Confidence vote on throne speech unlikely until New Year: Rodriguez
OTTAWA -- The confidence vote in response to Prime Minister Justin Trudeau’s minority government’s throne speech “probably” won’t happen until 2020.
In an interview on CTV’s Question Period with Evan Solomon, Government House Leader Pablo Rodriguez said that the vote likely won’t happen until the New Year, citing the Liberal's ability to schedule up to six days to debate the speech.
The government doesn’t need to take all six days, nor do the dates need to be consecutive, but there are four days scheduled in the week ahead for this conversation to continue: Monday, and then Wednesday through Friday.
“You have many days of debate… unless people decide we’re not debating anymore. If not, it could go to the next year,” Rodriguez said. He added that the amendments that are being proposed by the opposition parties could come to a vote before Parliament takes six weeks off over the Christmas holidays.
“We’ll see how it goes, we’ll play it by ear next week, see how many days we need to debate it,” he said.
Even though the vote may not come for some time, there’s little suspense left around whether or not the Liberals will be able to secure the support they need to pass it.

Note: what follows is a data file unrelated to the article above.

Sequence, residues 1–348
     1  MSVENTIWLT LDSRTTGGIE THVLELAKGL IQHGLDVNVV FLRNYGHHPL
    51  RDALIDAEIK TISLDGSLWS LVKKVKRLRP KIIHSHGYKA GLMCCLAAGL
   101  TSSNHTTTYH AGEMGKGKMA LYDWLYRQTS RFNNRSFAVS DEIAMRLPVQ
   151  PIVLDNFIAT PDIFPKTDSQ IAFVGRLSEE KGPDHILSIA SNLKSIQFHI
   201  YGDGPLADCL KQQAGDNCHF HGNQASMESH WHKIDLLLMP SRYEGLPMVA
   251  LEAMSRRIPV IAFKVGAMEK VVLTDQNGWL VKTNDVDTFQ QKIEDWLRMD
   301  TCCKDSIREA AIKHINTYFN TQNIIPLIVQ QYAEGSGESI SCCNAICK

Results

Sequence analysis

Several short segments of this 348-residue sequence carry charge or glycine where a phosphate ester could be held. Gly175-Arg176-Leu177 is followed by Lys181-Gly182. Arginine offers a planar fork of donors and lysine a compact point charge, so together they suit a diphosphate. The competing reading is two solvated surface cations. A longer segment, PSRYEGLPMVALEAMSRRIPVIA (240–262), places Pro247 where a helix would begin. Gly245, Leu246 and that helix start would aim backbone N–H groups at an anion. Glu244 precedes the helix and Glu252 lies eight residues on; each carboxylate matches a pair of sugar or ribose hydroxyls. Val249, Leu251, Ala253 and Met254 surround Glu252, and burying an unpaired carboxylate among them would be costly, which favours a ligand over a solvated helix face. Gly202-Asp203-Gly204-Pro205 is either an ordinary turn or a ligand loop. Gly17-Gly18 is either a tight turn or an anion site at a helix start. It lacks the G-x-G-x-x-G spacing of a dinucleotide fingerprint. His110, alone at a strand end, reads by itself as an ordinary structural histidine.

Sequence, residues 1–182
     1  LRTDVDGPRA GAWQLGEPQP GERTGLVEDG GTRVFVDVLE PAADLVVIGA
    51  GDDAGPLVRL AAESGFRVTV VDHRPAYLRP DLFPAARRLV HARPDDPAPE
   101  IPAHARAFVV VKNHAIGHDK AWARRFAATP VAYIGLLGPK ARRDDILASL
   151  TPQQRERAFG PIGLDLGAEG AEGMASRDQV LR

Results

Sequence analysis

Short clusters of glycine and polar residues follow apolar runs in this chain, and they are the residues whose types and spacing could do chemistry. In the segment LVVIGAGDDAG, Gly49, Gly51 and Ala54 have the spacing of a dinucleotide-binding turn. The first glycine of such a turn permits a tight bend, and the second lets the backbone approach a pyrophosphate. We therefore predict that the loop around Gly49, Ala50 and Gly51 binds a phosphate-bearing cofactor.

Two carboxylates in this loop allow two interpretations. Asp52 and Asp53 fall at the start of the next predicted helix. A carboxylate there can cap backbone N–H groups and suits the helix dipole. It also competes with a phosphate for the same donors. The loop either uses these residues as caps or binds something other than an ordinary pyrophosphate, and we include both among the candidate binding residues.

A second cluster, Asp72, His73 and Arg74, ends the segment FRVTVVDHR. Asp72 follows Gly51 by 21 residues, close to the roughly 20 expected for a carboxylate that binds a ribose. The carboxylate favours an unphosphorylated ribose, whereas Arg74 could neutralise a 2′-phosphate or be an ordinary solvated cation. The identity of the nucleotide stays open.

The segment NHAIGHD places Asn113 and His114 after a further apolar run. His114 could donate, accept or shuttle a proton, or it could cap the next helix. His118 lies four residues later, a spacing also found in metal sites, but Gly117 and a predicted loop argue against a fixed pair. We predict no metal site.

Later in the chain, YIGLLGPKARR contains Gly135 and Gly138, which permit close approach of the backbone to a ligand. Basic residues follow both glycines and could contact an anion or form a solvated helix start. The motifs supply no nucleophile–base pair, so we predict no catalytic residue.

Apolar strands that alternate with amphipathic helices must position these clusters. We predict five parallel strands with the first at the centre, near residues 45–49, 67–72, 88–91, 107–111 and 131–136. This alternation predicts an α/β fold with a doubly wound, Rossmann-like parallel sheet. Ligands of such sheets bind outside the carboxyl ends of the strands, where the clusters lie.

Reacting to the throne speech on Thursday, Bloc Quebecois Leader Yves-Francois Blanchet said that while he was not in favour of everything discussed in the speech, there was something on offer for every party and enough for Quebec within it to lead his caucus to support it.
This means that the Liberals won’t have an outright need to bring the other parties onside, even though they’ve stated their intention to work cooperatively given their new minority status. Conservative Leader Andrew Scheer and NDP Leader Jagmeet Singh have already said they aren’t going to back the throne speech without changes or more details given to the broad strokes commitments it included.
In a prior interview with CTVNews.ca, Rodriguez said it’s his intention to take a “traditional” approach to confidence votes in the new Parliament, where given the minority dynamics, “any day can be the last day.”
That means any votes on money matters such as the federal budget and various votes on the main and supplementary spending estimates are expected to be considered confidence votes.
“Things that require funding… It's definitely a confidence vote,” he said.
The first confidence vote of the session is scheduled to happen early next week, likely Tuesday, after the House considers the supplementary estimates for the fiscal year ending March 31, 2020.
Then, should the government advance its first item of government business put on notice—stating the Liberals’ intention to follow through on a middle-class tax cut— before the end of next week, that would give the government two times to demonstrate their ability to maintain the confidence of the House of Commons before 2020.